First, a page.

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Kirsten Bosnak
Kansas Biological Survey
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KU scientists receive $3 million as part of project to restore native and agricultural ecosystems

Tue, 08/24/2021

LAWRENCE — Five University of Kansas researchers are part of a multi-institutional team awarded a five-year, $12.5 million National Science Foundation grant focused on the restoration of native prairie and agricultural ecosystems, with more than $3 million coming to KU. Collaborators include eight organizations and 26 scientists and educators. KU researchers will focus on native prairie ecosystems and polycultures using the perennial grain Kernza that is under development in collaboration with The Land Institute in Salina.

The KU researchers are Jim Bever, Peggy Schultz, Maggie Wagner, Ben Sikes and Tom McKenna, all scientists at KU’s Kansas Biological Survey & Center for Ecological Research. Bever, Wagner and Sikes are KU faculty members in the Department of Ecology & Evolutionary Biology, and Schultz is a faculty member with the Environmental Studies Program.

The project, based at the Donald Danforth Plant Science Center in St. Louis, establishes the New Roots for Restoration Biology Integration Institute. The overall project will be directed by Allison Miller, a member of the Danforth Center and a professor of biology at St. Louis University.

The research will address natural and agricultural systems in tandem, applying technologies used primarily to study annual grain crops to wild plant species and perennial crop candidate species. The project also will provide opportunities for recruitment, training and placement of new scientists, with a focus on persons excluded because of ethnicity or race, whose research is aimed at restoring wild landscapes and restructuring of agricultural systems for long-term sustainability.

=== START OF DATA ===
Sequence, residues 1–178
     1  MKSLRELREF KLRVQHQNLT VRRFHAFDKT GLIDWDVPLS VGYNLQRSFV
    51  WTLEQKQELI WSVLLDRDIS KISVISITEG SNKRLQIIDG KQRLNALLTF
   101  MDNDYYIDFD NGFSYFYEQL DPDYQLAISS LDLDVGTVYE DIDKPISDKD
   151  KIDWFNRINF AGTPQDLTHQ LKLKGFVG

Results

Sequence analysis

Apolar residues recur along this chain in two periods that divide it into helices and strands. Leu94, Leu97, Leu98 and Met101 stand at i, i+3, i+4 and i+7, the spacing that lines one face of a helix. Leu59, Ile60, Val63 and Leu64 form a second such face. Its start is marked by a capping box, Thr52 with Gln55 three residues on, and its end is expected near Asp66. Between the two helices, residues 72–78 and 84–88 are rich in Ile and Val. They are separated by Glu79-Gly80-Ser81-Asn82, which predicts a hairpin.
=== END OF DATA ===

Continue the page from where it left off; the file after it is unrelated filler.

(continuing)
Partner institutions, in addition to KU, are St. Louis University; The Land Institute; the University of Missouri; the Chicago Botanical Garden and the University of Vermont. The research will take place at seven field sites, including the Missouri Botanical Garden’s Shaw Nature Reserve and the University of Kansas Field Station.

Teams within the group will focus on specific themes, including restoration ecology of natural areas, agro-ecology and plant evolutionary genetics.

Researchers from KU and The Land Institute will lead the study of the soil ecosphere. The new grant will extend support for experiments at the KU Field Station testing the effects of plant diversity and drought on plant productivity that were initiated with a five-year NSF Dimensions of Biodiversity grant awarded in 2017.

The new grant also extends collaborations of scientists from KU and The Land Institute, including various studies at the Perennial Agriculture Project Field Station just northwest of Lawrence.

“We want to understand how the soil ecosphere — soil and soil microbes — and the plant community influences above- and belowground variation in plant traits, and vice versa,” said Bever, Foundation Distinguished Professor of Ecology and Evolutionary Biology and the project’s lead researcher at KU. “We’ll look at the question of how these traits influence properties of plant communities and the soil ecosphere.”

The overall project is titled “New Roots for Restoration: Integrating plant traits, communities, and the soil ecosphere to advance restoration of natural and agricultural systems.” The New Roots for Restoration Biology Integration Institute was established with support from the NSF Biology Integration Institutes program, award number 2120153.

The Kansas Biological Survey & Center for Ecological Research was established at KU in 1911. The center houses a variety of environmental research labs and remote sensing/GIS programs in Takeru Higuchi Hall, Smissman Research Laboratories and the West District greenhouse. The center also manages the 3,700-acre KU Field Station, a site for study in the sciences, arts and humanities.

Photo: Tom McKenna, assistant research professor at the Kansas Biological Survey & Center for Ecological Research, checks seed heads of the perennial grain Kernza, a trademarked intermediate wheatgrass, in experimental plots at the Perennial Agriculture Project Field Station northwest of Lawrence. (The Perennial Agriculture Project is a joint venture between the Malone Family Land Preservation Foundation and The Land Institute.)



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